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J Am Geriatr Soc. 2002 Feb;50(2):215-22.

Characteristics and outcomes of serious traumatic injury in older adults.

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School of Nursing, University of Pennsylvania, Philadelphia 19104, USA.



To describe the seriously injured older adult; characterize and compare the differences in injury characteristics and outcomes in three subgroups of seriously injured older adults: aged 65 to 74, 75 to 84, and 85 and older; and identify risk factors for death, complications, and discharge placement at hospital discharge.


A retrospective secondary analysis of a statewide trauma data set from 1988 through 1997.


Data submitted from all designated trauma centers in Pennsylvania.


The data set yielded 38,707 patients with a mean age of 77.5 years with serious injury (mean number of injuries=3.6, mean number of body systems involved=2).


Key outcomes were mortality, complications, and discharge placement. Abbreviated Injury Score categorized injuries and Injury Severity Score (ISS) quantified anatomic severity of injury.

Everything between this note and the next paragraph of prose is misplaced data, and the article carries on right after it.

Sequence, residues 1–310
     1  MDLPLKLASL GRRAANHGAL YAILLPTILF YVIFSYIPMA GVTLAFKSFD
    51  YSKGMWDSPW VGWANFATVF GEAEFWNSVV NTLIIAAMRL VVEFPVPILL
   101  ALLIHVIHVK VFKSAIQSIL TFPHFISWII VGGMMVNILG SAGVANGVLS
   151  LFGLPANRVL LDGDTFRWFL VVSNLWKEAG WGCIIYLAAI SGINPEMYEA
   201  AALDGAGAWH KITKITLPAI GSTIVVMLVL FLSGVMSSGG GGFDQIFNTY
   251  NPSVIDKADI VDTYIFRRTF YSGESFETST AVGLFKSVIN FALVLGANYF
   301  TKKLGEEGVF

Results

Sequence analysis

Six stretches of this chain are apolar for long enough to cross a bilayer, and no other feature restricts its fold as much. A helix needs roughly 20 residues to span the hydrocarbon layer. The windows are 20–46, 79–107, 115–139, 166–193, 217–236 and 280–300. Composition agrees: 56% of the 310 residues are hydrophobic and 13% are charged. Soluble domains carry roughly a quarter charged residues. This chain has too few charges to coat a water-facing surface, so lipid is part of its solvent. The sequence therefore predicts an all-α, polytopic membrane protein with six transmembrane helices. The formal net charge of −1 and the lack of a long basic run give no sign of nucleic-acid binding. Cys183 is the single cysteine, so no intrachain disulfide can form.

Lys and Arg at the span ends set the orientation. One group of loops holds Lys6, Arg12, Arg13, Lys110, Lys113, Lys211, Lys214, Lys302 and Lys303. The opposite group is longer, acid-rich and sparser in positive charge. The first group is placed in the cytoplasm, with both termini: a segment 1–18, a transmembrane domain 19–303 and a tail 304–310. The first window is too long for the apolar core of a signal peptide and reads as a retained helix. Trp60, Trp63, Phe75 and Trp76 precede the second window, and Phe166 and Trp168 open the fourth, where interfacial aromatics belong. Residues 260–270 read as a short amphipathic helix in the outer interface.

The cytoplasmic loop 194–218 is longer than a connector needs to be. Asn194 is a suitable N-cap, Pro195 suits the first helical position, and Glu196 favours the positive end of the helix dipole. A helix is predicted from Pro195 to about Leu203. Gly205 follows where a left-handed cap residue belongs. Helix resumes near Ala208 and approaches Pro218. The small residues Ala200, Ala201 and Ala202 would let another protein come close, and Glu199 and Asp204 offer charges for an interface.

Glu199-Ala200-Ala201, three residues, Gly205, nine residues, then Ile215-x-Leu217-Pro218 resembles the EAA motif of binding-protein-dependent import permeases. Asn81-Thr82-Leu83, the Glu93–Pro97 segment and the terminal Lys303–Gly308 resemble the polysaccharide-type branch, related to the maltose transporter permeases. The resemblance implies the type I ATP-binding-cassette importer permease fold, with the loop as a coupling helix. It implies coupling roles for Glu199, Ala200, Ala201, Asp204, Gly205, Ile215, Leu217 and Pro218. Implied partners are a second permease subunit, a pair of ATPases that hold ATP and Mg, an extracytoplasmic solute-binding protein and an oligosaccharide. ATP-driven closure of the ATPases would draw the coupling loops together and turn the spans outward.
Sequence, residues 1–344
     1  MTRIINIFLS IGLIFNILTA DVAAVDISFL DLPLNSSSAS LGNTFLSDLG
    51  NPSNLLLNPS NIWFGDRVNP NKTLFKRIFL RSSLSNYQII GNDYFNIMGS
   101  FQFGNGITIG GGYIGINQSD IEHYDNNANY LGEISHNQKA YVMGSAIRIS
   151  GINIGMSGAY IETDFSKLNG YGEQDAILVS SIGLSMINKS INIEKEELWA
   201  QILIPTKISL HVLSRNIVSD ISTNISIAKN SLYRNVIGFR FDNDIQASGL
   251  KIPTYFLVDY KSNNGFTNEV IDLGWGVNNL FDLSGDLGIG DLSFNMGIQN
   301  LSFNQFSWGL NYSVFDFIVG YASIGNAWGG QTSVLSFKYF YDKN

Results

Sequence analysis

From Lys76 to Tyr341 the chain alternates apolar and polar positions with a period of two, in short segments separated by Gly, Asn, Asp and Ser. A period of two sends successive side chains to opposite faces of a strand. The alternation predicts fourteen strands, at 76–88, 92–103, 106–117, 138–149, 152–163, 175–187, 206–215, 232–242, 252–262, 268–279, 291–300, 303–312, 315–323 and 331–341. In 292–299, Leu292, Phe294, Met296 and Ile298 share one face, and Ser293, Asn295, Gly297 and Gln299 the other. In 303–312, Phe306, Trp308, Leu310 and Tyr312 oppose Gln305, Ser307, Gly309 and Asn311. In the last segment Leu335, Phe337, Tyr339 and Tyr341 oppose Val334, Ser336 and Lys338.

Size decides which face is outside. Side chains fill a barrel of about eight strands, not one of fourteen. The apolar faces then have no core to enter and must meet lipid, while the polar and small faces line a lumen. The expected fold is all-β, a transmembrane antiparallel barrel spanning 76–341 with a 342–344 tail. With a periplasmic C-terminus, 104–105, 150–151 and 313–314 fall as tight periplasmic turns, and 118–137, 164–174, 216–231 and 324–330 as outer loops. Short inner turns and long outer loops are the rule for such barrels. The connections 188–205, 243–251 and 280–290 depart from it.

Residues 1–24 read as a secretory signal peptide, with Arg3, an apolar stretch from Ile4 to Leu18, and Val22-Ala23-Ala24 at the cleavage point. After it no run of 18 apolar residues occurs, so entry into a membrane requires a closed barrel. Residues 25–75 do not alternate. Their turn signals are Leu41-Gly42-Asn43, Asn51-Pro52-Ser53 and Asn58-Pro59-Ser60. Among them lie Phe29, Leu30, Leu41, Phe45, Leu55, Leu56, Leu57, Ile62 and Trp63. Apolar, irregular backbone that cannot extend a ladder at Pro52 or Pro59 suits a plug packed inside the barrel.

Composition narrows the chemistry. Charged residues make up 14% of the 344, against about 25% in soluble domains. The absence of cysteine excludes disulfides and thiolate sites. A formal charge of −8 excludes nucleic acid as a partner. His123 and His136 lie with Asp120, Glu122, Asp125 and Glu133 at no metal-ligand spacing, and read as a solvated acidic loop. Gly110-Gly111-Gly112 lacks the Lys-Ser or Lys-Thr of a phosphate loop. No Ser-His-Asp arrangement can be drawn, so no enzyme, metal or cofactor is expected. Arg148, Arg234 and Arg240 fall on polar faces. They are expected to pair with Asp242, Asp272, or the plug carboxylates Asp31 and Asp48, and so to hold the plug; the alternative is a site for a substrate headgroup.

Mortality was 10%. Mean length of stay was 11.5 days. Just over half (52.2%) of survivors were discharged home; 25.4% were discharged to a skilled nursing facility. Injury severity, total number of injuries, complications, and increasing age were predictors of mortality (P <.01). The presence of preexisting comorbid medical conditions increased the odds of experiencing a complication over threefold. Increasing age, total number of injuries, injury to extremities or abdominal contents, injuries due to falls, and lower functional level predicted discharge to a skilled nursing facility (P <.01).


Traumatic injuries affect older adults of all ages and are typically multisystem and life threatening. The standard ISS does not fully capture the potential for mortality in older adults and does not predict discharge placement. The majority of older adults survive multisystem injury. Our findings indicate the need to examine outcomes beyond mortality and to make the identification and management of comorbid conditions a priority. A geriatric consultation service could be an important addition to the interdisciplinary trauma team.

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